White reported that several voice-over-the-internet-protocol software programs will be tested on campus. She also called special attention to the proposed Acceptable Use Policy and noted that the Executive Committee found many problems with the document. B. Dewey encouraged everyone to read the preamble of the current policy to see the tone it sets. D. Leatherman described the proposed policy as vague and extraordinarily obnoxious and then noted several specific examples; he urged the Faculty Senate to strongly censure the proposed document. There was strong agreement with Leatherman's comments and several more objections were raised. A motion to censure then was approved unanimously.Nominating Committee (S. Kurth)
White noted that the proposed policy affects Knoxville-area computers, but the system-level has control. Lyons recalled that T. Davies raised questions about the lack of a requirement that a user be notified before his or her privacy is violated.
Kurth said the committee is close to having a slate of candidates for President-Elect. White said the two candidates will make statements at the April meeting.The meeting adjourned at 4:57 p.m.
The University of Tennessee Faculty Senate
February 7, 2005
Those absent were: Mary Albrecht, John Ammons, Basil Antar, Denise Barlow, Dave Bemis, Bill Blass, Bruce Bomar, Toby Boulet, Jan W. Brown, Tom Burman, Hui-Shyong Chang, Col. Alfred Coffman, Chris Cox, Christopher Craig, Rajan Ganguly, Jean Gauger, William Hamel, Susan Hamilton, Mark Harmon, Heather Hirschfeld, Syed Islam, Ed Jepson, Dukwon Kim, David Lockwood*, Vena Long, William Martella, Mary McAlpin, Blance O'Bannon, Bob Rider, W. Tim Rogers, Mary Rogge, Dileep Sachan, Carl Sams, Mandyam Srinivasan, John Waller*, Fred Weber, John Wilkerson, Jan Williams.
*Alternate Senators: Michael Davidson for David Lockwood, Kimberly Gwinn for John Waller
I. CALL TO ORDERC. White called the meeting to order at 3:30 p.m.II. ANNOUNCEMENTS AND INTRODUCTIONS
Establishment of Quorum (S. Jordan)
Jordan confirmed that a quorum was present.
Senate President's Report (C. White)
White welcomed new senators elected to fill vacancies and called attention to copies of the president's report and the shared-governance document, both of which were available at the meeting. She also noted that there would be an open lunch with the chancellor on February 14 in the arena. She then noted that the new ombudspersons are Neil Cohen (3 years), Richard Strange (2 years) and Marla Peterson (1 year). She also reminded everyone that caucuses need to be functioning; new senators will be needed and elections need to be held.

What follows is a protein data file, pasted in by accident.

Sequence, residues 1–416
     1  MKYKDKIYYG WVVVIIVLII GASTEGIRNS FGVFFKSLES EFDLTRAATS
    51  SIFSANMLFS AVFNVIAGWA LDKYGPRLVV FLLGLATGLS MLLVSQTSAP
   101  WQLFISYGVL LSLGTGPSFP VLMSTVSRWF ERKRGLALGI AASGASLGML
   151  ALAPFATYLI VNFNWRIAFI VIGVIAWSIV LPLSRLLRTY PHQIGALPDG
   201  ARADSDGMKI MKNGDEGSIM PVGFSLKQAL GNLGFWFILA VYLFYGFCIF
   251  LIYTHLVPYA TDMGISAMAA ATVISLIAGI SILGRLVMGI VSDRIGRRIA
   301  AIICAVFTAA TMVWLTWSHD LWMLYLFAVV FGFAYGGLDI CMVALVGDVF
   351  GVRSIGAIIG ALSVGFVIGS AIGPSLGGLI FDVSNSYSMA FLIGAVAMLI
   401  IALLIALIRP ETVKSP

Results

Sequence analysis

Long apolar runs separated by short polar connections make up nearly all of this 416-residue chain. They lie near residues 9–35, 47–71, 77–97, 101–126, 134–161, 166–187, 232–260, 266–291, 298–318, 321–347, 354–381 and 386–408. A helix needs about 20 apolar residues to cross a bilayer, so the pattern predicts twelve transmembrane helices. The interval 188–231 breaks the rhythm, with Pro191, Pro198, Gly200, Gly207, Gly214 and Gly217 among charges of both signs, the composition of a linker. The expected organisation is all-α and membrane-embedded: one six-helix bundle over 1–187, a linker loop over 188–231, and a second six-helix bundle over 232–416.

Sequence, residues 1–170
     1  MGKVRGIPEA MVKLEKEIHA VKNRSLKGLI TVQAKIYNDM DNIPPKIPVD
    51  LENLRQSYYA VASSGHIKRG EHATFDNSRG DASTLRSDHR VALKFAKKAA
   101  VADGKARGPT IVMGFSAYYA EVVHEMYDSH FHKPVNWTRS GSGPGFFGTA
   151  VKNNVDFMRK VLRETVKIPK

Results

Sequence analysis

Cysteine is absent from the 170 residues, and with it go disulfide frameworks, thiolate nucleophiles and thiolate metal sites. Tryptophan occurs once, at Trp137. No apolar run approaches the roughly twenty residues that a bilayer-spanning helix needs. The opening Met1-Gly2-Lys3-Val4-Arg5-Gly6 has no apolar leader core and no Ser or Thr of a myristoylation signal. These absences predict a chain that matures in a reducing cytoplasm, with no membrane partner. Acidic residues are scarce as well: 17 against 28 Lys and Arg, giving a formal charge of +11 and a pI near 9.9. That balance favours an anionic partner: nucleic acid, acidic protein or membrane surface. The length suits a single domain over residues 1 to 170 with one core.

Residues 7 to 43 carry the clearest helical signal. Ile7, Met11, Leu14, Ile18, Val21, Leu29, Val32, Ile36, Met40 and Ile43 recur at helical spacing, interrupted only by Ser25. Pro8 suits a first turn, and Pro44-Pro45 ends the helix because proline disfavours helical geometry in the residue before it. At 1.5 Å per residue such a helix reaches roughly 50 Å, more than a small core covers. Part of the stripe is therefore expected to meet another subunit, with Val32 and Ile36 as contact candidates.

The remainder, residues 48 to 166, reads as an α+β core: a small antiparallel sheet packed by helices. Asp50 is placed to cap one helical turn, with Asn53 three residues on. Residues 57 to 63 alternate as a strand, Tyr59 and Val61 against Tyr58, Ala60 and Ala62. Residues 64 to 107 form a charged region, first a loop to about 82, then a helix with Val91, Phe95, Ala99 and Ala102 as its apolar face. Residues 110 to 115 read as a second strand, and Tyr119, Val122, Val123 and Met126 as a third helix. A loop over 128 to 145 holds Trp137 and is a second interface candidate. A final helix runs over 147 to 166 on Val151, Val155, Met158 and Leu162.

White next noted that she is wearing her living-wage button and reported that the Living Wage Task Force is hard at work. It is tri-chaired by F. Ansley, M. Rogge and David Linge. White also talked about the January meeting of COIA in Nashville, which she and A. Fairhurst attended. She reviewed the purposes of the COIA and the document produced at the meeting (as described in the minutes of the Executive Committee meeting of January 10, 2005). She concluded by announcing that there will be a shared-governance fund-raiser at Preservation Pub on April 20. Chancellor Crabtree will serve as bartender and there will be a pizza buffet and live music.
Chancellor's Report (L. Crabtree)
Crabtree reported that the underlying assumption of the governor's budget proposal is that TennCare will be under control. The governor has proposed to continue for another year funds to replace an earlier loss. He also proposed funding for joint positions with ORNL. There also is funding for capital projects. Some is for repairs and some is for new construction. A one-percent salary increase is proposed. A one-percent bonus also is planned. The proposed budget includes no new operating funds, so there probably will be a significant tuition increase.III. MINUTES
Crabtree turned next to rankings. A Chinese university's ranking of the top 500 universities in the world places UT between 101 and 152. Some of UTıs peer institutions are ranked higher and some lower. The Lombardy ranking places UT, Knoxville rather high and gives UTK high marks for its recent progress.
Crabtree next reported that undergraduate applications are up 23.4% over last year's applications at this time. The average ACT of admitted resident students is 26.2 and the average GPA is 3.59. The ACT average for nonresidents is higher. Graduate applications are up to 18.3% over last year at this time.